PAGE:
Story Source:

The above story is based on materials provided by Networks Of Centres Of Excellence Canada. Note: Materials may be edited for content and length.


Cite This Page:

Networks Of Centres Of Excellence Canada. "Tent Caterpillars And Their Parasites: Most Abundant Animals In The Boreal Forest?." ScienceDaily. ScienceDaily, 19 March 2002. <www.sciencedaily.com/releases/2002/03/020313074748.htm>.
Networks Of Centres Of Excellence Canada. (2002, March 19). Tent Caterpillars And Their Parasites: Most Abundant Animals In The Boreal Forest?. ScienceDaily. Retrieved April 21, 2015 from www.sciencedaily.com/releases/2002/03/020313074748.htm
Networks Of Centres Of Excellence Canada. "Tent Caterpillars And Their Parasites: Most Abundant Animals In The Boreal Forest?." ScienceDaily. www.sciencedaily.com/releases/2002/03/020313074748.htm (accessed April 21, 2015).

Share This


More From ScienceDaily



More Earth & Climate News

Tuesday, April 21, 2015

Featured Research

from universities, journals, and other organizations


Featured Videos

from AP, Reuters, AFP, and other news services

Going Ape: Sierra Leone Chimpanzees Hail Ebola Retreat

Going Ape: Sierra Leone Chimpanzees Hail Ebola Retreat

AFP (Apr. 21, 2015) As money runs out at Tacugama Chimpanzee Sanctuary in Sierra Leone, around 85 chimps are facing homelessness. The centre closed when the Ebola epidemic was ravaging the country but now that closure is beginning to look permanent. Video provided by AFP
Powered by NewsLook.com
Wild Weather Lashes Sydney Region

Wild Weather Lashes Sydney Region

AFP (Apr. 21, 2015) Sydney and surrounding areas are lashed by wild weather with trees felled, power cuts hitting thousands of homes and sand drifts sweeping inland off the iconic Bondi beach. Duration: 00:50 Video provided by AFP
Powered by NewsLook.com
Deepwater And Dolphins: The Oil Spill's Impact 5 Years On

Deepwater And Dolphins: The Oil Spill's Impact 5 Years On

Newsy (Apr. 20, 2015) Five years on, the possible environmental impact of the Deepwater Horizon spill includes a sustained die-off of bottlenose dolphins, among others. Video provided by Newsy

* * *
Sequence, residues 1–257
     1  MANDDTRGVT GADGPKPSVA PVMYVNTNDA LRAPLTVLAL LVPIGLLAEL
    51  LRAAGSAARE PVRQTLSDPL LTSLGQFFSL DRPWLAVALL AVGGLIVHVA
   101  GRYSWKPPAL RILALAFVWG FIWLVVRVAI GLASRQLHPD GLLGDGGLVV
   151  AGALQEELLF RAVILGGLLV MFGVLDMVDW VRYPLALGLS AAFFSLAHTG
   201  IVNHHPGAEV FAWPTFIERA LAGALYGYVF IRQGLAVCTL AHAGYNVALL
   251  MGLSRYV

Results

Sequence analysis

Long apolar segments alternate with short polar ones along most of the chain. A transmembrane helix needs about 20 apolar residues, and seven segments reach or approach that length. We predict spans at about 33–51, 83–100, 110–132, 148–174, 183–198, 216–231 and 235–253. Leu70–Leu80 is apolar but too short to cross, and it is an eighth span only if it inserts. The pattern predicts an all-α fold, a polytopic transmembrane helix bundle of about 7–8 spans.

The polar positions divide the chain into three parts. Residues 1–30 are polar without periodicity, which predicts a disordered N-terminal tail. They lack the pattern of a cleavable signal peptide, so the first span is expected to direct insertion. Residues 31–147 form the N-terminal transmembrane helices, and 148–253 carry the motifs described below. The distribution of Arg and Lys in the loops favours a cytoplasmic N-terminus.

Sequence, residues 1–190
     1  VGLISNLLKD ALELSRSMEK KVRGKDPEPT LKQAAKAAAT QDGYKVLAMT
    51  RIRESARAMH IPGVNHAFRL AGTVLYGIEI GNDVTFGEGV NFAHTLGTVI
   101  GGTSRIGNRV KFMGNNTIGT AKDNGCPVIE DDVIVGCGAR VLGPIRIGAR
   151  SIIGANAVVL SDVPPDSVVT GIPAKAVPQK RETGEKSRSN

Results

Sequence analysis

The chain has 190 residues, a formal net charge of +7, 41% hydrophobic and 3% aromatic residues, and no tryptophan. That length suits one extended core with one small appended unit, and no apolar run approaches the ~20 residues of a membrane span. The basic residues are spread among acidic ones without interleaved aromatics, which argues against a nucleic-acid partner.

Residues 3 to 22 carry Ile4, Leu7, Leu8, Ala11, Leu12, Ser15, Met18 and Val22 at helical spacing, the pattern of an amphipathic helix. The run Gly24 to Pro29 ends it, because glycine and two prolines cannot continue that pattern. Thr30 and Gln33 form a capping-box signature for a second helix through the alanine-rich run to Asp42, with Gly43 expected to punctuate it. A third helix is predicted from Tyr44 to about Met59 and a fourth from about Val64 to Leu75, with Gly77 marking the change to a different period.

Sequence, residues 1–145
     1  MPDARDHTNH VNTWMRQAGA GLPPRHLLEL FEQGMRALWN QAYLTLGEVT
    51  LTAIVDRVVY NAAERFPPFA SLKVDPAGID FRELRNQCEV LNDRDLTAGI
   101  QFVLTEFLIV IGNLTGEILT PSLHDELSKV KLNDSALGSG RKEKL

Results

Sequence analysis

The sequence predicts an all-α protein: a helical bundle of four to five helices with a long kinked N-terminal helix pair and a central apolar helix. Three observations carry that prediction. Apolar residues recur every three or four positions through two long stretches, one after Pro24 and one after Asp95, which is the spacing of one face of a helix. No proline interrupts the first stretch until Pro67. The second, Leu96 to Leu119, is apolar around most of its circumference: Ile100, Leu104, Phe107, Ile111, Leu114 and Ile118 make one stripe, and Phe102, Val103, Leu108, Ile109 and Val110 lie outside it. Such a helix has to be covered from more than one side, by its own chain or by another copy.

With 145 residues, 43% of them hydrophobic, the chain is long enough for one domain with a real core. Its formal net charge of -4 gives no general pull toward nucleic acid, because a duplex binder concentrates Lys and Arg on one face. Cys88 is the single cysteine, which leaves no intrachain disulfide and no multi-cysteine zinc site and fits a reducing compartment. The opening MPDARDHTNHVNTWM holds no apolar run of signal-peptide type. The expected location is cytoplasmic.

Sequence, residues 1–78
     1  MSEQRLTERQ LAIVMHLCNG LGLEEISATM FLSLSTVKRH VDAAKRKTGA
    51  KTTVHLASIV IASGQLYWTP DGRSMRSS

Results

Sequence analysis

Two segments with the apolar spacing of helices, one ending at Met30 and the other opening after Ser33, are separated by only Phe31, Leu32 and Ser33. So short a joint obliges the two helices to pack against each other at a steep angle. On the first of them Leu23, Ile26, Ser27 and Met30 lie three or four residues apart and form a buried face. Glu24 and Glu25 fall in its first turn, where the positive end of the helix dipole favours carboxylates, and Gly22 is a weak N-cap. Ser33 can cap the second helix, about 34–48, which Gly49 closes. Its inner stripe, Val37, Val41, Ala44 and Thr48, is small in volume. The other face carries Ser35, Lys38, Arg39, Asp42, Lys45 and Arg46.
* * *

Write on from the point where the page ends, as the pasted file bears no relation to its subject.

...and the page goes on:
Powered by NewsLook.com
Pee-Power Toilet to Light Up Disaster Zones

Pee-Power Toilet to Light Up Disaster Zones

Reuters - Innovations Video Online (Apr. 20, 2015) Students and staff are being asked to use a prototype urinal to &apos;donate&apos; urine to fuel microbial fuel cell (MFC) stacks that generate electricity to power lighting. The developers hope the pee-power technology will light toilet cubicles in refugee camps, where women are often at risk of assault in poorly lit sanitation areas. Matthew Stock reports. Video provided by Reuters
Powered by NewsLook.com

Search ScienceDaily

Number of stories in archives: 140,361

Find with keyword(s):
Enter a keyword or phrase to search ScienceDaily for related topics and research stories.

Save/Print:
Share:

Breaking News:

Strange & Offbeat Stories


Plants & Animals

Earth & Climate

Fossils & Ruins

In Other News

... from NewsDaily.com

Science News

Health News

Environment News

Technology News



Save/Print:
Share:

Free Subscriptions


Get the latest science news with ScienceDaily's free email newsletters, updated daily and weekly. Or view hourly updated newsfeeds in your RSS reader:

Get Social & Mobile


Keep up to date with the latest news from ScienceDaily via social networks and mobile apps:

Have Feedback?


Tell us what you think of ScienceDaily -- we welcome both positive and negative comments. Have any problems using the site? Questions?
Mobile: iPhone Android Web
Follow: Facebook Twitter Google+
Subscribe: RSS Feeds Email Newsletters
Latest Headlines Health & Medicine Mind & Brain Space & Time Matter & Energy Computers & Math Plants & Animals Earth & Climate Fossils & Ruins